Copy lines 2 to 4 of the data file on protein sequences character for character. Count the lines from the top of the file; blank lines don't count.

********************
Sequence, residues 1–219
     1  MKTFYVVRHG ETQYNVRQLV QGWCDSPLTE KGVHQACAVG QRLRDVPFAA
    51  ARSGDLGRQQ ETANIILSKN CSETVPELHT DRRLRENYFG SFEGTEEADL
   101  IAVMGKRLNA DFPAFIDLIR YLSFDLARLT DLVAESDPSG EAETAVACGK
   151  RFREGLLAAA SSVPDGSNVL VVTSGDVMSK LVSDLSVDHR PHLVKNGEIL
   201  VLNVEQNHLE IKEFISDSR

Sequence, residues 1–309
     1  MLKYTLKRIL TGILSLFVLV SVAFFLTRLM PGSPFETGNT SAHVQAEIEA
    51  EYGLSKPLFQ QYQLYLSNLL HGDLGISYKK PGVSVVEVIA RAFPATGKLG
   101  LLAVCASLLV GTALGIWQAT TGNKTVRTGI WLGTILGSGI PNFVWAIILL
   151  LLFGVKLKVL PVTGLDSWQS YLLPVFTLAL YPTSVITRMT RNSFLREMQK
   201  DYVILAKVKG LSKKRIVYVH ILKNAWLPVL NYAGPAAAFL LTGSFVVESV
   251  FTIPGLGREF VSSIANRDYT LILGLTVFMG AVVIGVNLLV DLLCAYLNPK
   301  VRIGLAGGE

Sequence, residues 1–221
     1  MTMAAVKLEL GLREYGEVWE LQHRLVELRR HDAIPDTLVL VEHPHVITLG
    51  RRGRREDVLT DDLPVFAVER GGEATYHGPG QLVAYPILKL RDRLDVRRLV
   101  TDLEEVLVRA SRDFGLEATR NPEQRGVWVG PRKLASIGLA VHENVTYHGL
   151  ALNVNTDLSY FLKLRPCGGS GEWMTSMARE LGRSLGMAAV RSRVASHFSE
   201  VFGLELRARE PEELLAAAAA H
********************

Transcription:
     1  MKTFYVVRHG ETQYNVRQLV QGWCDSPLTE KGVHQACAVG QRLRDVPFAA
    51  ARSGDLGRQQ ETANIILSKN CSETVPELHT DRRLRENYFG SFEGTEEADL
   101  IAVMGKRLNA DFPAFIDLIR YLSFDLARLT DLVAESDPSG EAETAVACGK